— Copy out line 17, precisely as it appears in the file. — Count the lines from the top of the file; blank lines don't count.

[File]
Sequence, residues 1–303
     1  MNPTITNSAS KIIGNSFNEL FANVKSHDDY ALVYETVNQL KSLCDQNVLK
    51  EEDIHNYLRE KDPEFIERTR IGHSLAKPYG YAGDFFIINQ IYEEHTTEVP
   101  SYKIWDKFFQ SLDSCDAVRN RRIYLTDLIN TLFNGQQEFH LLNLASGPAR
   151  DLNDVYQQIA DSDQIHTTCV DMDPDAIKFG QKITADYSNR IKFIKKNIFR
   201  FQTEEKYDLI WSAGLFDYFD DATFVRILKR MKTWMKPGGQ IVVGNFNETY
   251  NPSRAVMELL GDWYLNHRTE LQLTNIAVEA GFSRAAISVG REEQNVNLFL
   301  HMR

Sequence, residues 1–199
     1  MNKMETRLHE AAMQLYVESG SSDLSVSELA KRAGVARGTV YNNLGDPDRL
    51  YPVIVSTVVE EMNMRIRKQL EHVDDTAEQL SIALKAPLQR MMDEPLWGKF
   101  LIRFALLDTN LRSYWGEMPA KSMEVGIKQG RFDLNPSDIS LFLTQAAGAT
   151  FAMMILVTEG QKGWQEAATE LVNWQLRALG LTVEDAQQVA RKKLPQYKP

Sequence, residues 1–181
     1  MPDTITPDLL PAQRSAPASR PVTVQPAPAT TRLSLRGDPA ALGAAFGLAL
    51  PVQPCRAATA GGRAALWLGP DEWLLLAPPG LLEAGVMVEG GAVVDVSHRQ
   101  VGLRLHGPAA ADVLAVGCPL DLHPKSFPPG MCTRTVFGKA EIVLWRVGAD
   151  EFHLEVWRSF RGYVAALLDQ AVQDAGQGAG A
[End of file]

   101  VGLRLHGPAA ADVLAVGCPL DLHPKSFPPG MCTRTVFGKA EIVLWRVGAD